Wild Indian rhinos find new ground in Himalayan foothills | WWF

Wild Indian rhinos find new ground in Himalayan foothills

Posted on
06 January 2011
New Delhi, India – Ongoing efforts to increase the population of the vulnerable Indian Rhinoceros received a crucial lift just before New Year’s with the successful translocation of two female rhinos to a national park in India’s northeastern state of Assam.

The year-long process of procuring tranquilizers, radio-collars and other equipment needed to move the two rhinos – one adult and one juvenile – paid off in late December after a specially trained team released the pair in Manas National Park located on the Himalayan foothills.

The rhinos, which are currently listed as Vulnerable by the International Union for Conservation of Nature (IUCN), were moved to Manas from the Pobitora Wildlife Sanctuary in specially designed crates.

The nearby Pobitora sanctuary has accumulated the world’s highest density of rhinos, with over 80 in less than 18 sq. km of habitat.

Translocation proving to be a successful strategy


“The present rhino translocation is very important to initiate the next round of translocations in Assam," said Dr. Dipankar Ghose, head of WWF-India’s Eastern Himalayas Program.

“It has strengthened the confidence of all teams involved. Given the excellent support received from the state Forest Department and the administration, this is also a landmark achievement for active management of species involving different stakeholders.”

Translocation is an important part of the Indian Rhino Vision 2020 (IRV 2020), a joint program that includes the Department of Environment and Forests of the Government of Assam, WWF and the International Rhino Foundation (IRF). The program is also supported by the the Bodoland Territorial Council, US Fish & Wildlife Service and local communities.

IRV 2020’s vision is to increase Assam’s rhino population from the current 2,200 individuals to 3,000 by the year 2020. This will be accomplished through wild-to-wild translocations from Kaziranga National Park, Pobitora Wildlife Sanctuary, the Dibru Saikhowa National Park and the Laokhowa and Burachopari Wildlife Sanctuary to Manas.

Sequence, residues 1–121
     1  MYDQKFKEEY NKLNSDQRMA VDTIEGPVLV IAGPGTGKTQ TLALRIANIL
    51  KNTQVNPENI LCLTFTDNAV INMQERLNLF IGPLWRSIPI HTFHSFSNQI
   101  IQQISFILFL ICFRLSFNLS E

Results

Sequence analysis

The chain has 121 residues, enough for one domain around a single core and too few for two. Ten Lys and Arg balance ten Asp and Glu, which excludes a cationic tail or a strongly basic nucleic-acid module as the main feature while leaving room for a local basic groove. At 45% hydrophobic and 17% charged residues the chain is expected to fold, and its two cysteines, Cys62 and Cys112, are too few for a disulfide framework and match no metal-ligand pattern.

A continuing conservation success story


From an estimated low of 20 individuals in 1905, the population of Indian Rhinoceros - also known as Greater One-horned Rhinoceroses – has increased over 100 fold, nearly all in Assam and most (86%) within the confines of Kaziranga National Park.

IRV 2020 also aims aims to secure the long-term survival of wild rhinos in Assam by expanding their distribution to reduce risks like disease, in-breeding and mass mortality.

"This successful translocation is a huge step forward for the survival of this magnificent species," said Sybille Klenzendorf, Director of Species Conservation at WWF US.

"It's amazing to see the hard work of so many people pay off with a safe, successful operation."

More translocations of rhinos planned for future


The first phase of wild-to-wild translocations under IRV 2020 was carried out in April of 2008 when two male rhinos were re-introduced into Manas National Park from Pobitora Wildlife Sanctuary.

During the second phase, a total of eighteen rhinos will be translocated from Pobitora Wildlife Sanctuary and Kaziranga National Park to Manas National Park in several batches. As with the earlier translocations, the adult female has been fitted with a radio-collar, and both will be monitored throughout the year by Manas National Park staff with support from WWF-India.
A female Indian Rhinoceros (Rhinoceros unicornis) is released after being translocated to Manas National Park in Assam, India on 29 Dec 2010. The translocation is part of the Indian Rhino Vision 2020, a joint project that involves WWF.
© WWF India / Dipankar Ghose
An Indian Rhinoceros (Rhinoceros unicornis) is translocated to Manas National Park in Assam, India on 29 Dec 2010. Two female rhinos where translocated to the park as part of Indian Rhino Vision 2020, a joint project that aims to increase the wild rhino population in northeastern India. A female Indian Rhinoceros (Rhinoceros unicornis)
© WWF India / Dipankar Ghose